Notes on waste, water, whatever
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SH*T: Possibly the world’s most underrated resource

Rose George, author of 2008’s shockingly forthright and shockingly entertaining The Big Necessity: The Unmentionable World of Human Waste and Why It Matters, has a bone to pick with hydro-philanthropists, whether species Hollywood (Matt Damon excepted) or species Rotary Club. They’ll raise money to dig wells for thirsty Africans, but they’re loath to address the dire need for adequate toilets (or their culturally appropriate equivalent).

And yet: two thirds of the world’s population has no toilet or latrine, and diarrhea kills more children annually than AIDS, malaria, and tuberculosis combined. (If that’s too abstract a number, picture a jumbo jet full of children crashing every two hours, every day.) Feces are indeed, as George notes, “a weapon of mass destruction.”

In “Shit: A Survival Guide,” the monothematic fall issue of Colors magazine, George introduces readers to sanitation evangelists and to the brave folks who clean our sewer pipes and alleyways. She also considers the roles of fear and shame in toilet use and looks at the wide world of alternatives to a porcelain throne (meet the flying toilet).

More than a cultural tour of toileting and its discontents, the magazine explores a smorgasbord of dichotomies: shit kills and it saves lives; it pollutes water and promotes plant growth; it stinks and it can be used to cook food. A graphically hip précis of Big Necessity, the Survival Guide goes well beyond the usual lamentations for decent toileting facilities to question some basic assumptions about where, when, and how we go. It’s become common in urban green circles to question the wisdom of using expensively treated drinking water — especially in water-short places — to flush away human excrement, but George forces us to question the morality of flushing away such a valuable fertilizer. There’s phosphorous and nitrogen in them thar feces.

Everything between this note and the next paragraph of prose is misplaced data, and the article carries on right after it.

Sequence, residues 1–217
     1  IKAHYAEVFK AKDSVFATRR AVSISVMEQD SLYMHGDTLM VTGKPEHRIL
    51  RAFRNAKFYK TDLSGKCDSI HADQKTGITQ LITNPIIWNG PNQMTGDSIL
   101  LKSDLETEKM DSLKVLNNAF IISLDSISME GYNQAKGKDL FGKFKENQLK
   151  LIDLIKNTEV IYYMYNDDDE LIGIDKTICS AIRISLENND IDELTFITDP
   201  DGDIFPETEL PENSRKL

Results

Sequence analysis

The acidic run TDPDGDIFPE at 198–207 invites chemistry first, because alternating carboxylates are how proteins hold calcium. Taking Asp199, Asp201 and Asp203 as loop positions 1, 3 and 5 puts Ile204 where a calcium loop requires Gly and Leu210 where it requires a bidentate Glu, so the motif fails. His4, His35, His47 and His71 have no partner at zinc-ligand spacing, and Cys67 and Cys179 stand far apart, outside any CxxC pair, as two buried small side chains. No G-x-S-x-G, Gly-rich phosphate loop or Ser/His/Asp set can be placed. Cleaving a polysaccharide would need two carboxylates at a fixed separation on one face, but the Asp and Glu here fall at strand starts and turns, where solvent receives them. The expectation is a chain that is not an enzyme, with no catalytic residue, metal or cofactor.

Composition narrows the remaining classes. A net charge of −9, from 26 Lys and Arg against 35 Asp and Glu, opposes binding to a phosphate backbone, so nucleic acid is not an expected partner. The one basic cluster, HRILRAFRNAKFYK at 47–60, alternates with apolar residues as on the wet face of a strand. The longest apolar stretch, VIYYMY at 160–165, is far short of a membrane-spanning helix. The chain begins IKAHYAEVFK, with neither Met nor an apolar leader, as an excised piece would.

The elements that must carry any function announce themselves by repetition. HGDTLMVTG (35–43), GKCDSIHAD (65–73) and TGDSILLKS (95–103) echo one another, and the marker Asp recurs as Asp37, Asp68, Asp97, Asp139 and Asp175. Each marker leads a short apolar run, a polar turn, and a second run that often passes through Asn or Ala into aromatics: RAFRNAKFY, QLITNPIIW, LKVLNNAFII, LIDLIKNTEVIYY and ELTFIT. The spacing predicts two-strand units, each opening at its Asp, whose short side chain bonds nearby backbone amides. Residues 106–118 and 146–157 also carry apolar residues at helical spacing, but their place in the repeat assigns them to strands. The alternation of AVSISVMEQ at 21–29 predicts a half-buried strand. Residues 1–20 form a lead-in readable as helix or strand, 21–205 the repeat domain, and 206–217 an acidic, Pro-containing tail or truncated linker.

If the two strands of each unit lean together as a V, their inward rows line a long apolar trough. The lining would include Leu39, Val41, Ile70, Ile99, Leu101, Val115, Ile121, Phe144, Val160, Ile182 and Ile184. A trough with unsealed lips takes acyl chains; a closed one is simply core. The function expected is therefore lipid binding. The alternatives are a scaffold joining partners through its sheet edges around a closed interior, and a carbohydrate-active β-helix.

To buy a copy or preview parts of the quarterly, go to the Colors Magazine website.

(November 19 was World Toilet Day, which is meant to draw attention to the importance of sanitation around the world. Check out Matt Damon “talking sh*t” [or typing, via twitter and facebook] for an entire week at Meanwhile, WaterAid and Amnesty International have launched Give A Crap About Human Rights, highlighting the rights to water and sanitation in the context of housing and women’s rights.  Learn more about the day that dare not speak its name at


1 frank@nycg { 11.22.11 at 12:39 pm }

I remember watching a video of some young ladies composting human shit with wood chips, maybe in Haiti, to use as soil amendments for farming.

I would be for this if we were to be able to control what goes down the pipes better. Or, just move to the cside and get me a composter toilet.

Cowpatties make good fire starters. Oh, and I love to shit outside -frankly.

2 eroyte { 11.23.11 at 4:04 pm }

Frank, I think you’re thinking of Sasha Kramer’s SOIL (stands for Sustainable Organic Integrated Livelihoods) project, which builds latrines, trains and pays Haitians to maintain them, and composts the deposits for use in local gardens. You can watch a video about SOIL at

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